Thursday, March 20, 2014
Zeina Abirached's first graphic novel is A Game for Swallows, and it screams Persepolis at the top of its lungs. It's not Abirached's fault: she's another woman who grew up in a strife-ridden country in the Middle East (Lebanon, in her case) and who fled with her family to France when still young. It's true that even her artistic style -- all big slabs of black and precise white outlines, looking like woodcuts or scratchboard -- is reminiscent of Marjane Satrapi, but style is style, and can't be held against the artist.
But, still: A Game for Swallows will inevitably be reminiscent of Persepolis, for good or bad. Abirached's story is very different, though: she tells us about one evening during the Lebanese civil war, one day in 1984 after the fighting had forced her family to move into one tiny foyer of their large apartment for safety, one day when her parents were visiting Abirached's grandmother a few streets away on the other side of the all-important dividing Green Line.
So where Persepolis was trying to show the complex life of a teenager being stifled by her culture, A Game for Swallows isn't Abirached's story at all: she's only three years old when this happened, and she and her brother are more Maguffins than anything else. They're the ones at home while the parents are away; the people who belong in the foyer while the rest of the building assembles for safety and gossip -- ostensibly to watch the children until the parents return.
A Game for Swallows has no politics in it: it takes place during a war, but its viewpoint on that war is that of a child. It will not tell us who the fighters are or what they want. There are incoming and outgoing shells, but we don't know from who or where they're landing. Even the sniper at the end of the main street is just an obstacle: just another lousy thing that happens and causes danger. It could almost be any danger, since we don't see the people behind it.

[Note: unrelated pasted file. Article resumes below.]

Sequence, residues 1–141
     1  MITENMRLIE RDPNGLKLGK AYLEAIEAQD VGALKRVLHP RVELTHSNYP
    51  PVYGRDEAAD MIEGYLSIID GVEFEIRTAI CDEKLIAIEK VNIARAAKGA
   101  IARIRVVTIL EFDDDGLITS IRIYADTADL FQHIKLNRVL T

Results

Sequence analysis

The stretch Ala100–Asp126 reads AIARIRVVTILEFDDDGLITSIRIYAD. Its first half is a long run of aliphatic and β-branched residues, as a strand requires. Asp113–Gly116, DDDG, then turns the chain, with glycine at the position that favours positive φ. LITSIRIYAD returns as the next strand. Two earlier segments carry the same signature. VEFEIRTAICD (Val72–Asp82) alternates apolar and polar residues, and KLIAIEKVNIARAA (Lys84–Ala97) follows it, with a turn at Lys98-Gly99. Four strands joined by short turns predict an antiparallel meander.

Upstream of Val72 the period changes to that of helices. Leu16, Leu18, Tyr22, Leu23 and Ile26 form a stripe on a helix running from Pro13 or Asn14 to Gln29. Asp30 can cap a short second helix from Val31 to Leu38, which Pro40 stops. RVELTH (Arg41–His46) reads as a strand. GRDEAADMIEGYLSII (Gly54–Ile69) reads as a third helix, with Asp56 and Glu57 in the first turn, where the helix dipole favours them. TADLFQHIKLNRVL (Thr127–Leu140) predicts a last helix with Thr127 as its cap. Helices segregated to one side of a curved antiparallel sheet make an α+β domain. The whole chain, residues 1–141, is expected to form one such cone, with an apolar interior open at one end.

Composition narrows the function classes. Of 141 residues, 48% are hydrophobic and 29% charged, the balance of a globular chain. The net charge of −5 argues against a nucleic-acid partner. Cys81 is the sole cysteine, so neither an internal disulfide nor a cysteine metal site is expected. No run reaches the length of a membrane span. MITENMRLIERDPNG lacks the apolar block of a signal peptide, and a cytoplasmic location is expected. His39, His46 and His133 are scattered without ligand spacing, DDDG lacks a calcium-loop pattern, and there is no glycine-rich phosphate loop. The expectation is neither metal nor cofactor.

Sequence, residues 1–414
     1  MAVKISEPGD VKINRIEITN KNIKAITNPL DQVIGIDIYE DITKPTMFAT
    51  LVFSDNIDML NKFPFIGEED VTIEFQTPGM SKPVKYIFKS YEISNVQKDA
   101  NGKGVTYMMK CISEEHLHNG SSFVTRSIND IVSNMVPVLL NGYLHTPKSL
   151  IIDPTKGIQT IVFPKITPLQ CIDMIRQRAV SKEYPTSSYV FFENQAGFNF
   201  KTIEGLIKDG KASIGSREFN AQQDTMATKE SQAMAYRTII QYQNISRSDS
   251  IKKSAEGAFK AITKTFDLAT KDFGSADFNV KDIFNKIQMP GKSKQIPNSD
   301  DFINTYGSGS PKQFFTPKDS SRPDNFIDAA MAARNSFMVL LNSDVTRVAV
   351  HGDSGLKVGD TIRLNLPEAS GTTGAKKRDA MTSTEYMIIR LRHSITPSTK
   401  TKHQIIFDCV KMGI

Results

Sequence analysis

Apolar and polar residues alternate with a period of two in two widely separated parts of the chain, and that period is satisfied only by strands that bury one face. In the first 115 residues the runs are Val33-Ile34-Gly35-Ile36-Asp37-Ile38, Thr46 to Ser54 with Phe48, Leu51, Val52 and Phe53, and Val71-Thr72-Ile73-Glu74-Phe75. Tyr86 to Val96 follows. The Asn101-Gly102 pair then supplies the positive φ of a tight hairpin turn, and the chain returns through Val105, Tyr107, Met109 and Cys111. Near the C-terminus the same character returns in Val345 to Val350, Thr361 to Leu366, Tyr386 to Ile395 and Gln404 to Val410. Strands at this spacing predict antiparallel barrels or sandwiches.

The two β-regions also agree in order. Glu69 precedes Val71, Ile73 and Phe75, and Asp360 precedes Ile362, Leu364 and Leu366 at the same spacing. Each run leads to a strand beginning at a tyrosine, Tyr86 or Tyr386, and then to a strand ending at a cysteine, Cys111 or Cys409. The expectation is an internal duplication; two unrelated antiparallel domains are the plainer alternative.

But it is about all of those people in the apartment building: the couple who hope to emigrate to Canada before the pregnant wife comes to term, the well-dressed ex-teacher mourning his twin brother, the pseudo-building superintendent and general fixer, the old lady who spent her life raising generations of other people's children, the ex-restauranteur and his wife. They are all vivid; they are all real. Abirached doesn't belabor the point, but one phrase recurs over and over again: before the war. Everyone was someone else, before the war: they all had lives and jobs and bright futures, and now they're huddling in a small room, trying to stay alive and get out of Beirut.
Most anti-war books try to overwhelm and horrify, but A Game for Swallows plays a quieter game. It shows a society that was utterly smashed by a war and doesn't need to ask if it was worth the destruction. It's rare to see such restraint and understatement from a creator so young -- Abirached was only 26 when this was published in France in 2007 -- and I hope that implies a long and interesting career for her. There are surely many other stories she can tell, her own and others. Her stark inky drawings similarly show a command of space and gesture unusual in a first work -- it's already been seven years since A Game for Swallows, so I have to wonder what she's gotten up to since. I expect it has been marvelous.
Book-A-Day 2014 Introduction and Index